Flu is a contagious respiratory illness caused by influenza viruses. Flu can be contracted by inhaling respiratory droplets produced an infected person's coughing or sneezing, or by touching a surface contaminated by the virus and then touching your own mouth, nose, or eyes. If someone has the flu, he or she is contagious from the day before the onset of symptoms up to seven days after getting sick. If you’d like to learn more, the Centers for Disease Control and Prevention (CDC) is an excellent source of information about the flu.
In most cases, symptoms of flu have a sudden onset. Symptoms include:
Flu can lead to complications including bacterial pneumonia, dehydration, and worsening of chronic medical conditions, such as congestive heart failure, asthma, or diabetes even when treated appropriately.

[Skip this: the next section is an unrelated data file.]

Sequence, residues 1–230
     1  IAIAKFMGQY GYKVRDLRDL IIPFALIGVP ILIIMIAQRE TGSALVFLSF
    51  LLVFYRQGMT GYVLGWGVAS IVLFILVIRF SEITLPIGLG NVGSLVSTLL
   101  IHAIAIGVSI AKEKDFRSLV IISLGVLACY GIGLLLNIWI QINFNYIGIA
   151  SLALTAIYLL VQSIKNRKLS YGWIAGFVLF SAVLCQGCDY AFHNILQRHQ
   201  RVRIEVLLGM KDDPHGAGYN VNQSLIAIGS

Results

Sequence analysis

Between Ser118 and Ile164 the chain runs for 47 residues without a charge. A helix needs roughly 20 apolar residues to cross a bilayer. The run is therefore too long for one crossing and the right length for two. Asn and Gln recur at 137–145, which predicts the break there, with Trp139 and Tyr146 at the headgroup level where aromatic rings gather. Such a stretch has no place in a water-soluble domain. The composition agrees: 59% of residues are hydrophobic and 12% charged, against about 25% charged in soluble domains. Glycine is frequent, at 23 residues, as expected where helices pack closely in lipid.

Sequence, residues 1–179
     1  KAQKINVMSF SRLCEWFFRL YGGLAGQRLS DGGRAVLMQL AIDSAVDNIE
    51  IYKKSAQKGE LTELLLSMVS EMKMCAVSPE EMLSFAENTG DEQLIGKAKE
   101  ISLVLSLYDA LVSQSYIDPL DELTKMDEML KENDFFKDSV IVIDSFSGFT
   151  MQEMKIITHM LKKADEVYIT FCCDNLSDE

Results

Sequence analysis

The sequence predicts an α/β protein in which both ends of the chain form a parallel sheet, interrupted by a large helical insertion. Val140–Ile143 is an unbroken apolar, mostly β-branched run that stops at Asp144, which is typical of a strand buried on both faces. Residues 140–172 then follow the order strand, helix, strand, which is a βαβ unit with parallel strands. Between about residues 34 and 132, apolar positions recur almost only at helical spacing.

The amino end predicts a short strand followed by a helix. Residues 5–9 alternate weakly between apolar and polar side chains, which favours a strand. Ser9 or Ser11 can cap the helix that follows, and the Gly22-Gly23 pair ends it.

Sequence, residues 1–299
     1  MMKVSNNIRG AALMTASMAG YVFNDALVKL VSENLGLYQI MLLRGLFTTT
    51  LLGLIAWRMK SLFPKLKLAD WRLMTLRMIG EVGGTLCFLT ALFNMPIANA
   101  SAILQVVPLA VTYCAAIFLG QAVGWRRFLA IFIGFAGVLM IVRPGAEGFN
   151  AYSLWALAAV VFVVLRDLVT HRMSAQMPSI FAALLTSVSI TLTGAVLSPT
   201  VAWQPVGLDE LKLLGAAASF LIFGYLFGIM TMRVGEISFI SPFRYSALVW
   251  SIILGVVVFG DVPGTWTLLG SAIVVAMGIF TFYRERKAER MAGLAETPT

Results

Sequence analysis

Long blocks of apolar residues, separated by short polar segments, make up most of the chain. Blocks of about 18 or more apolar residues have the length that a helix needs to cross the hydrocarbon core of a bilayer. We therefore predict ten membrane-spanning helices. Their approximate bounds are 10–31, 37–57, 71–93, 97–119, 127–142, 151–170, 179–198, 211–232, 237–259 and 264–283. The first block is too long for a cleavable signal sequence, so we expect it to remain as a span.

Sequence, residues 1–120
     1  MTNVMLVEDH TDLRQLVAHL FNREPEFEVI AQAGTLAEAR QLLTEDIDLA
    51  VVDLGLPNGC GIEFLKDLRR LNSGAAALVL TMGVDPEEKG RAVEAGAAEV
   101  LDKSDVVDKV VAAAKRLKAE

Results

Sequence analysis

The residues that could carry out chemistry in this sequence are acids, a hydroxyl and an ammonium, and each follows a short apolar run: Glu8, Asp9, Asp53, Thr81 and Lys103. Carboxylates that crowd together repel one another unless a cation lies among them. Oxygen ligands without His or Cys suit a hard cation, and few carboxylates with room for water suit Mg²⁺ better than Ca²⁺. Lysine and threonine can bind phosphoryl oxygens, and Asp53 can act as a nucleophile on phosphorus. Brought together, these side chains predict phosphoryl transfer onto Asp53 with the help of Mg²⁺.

If you think you have the flu, visit your medical provider as soon as possible. Your doctor can perform a nasal-swab flu test that aids in diagnosing the flu.
The best protection against flu is getting a flu shot before flu season begins. Everyone 6 months and older should get a flu shot each fall, including pregnant women. In addition to getting a flu shot, adhere to the following healthy practices:
If your medical provider has determined you are infected with the flu, he or she may prescribe anti-viral flu medication for you. The medication may reduce the duration of your illness if you begin taking it within 48 hours of the onset of your symptoms.
You can come into any Patient First center from 8 a.m. to 8 pm any day of the week - no appointment needed.
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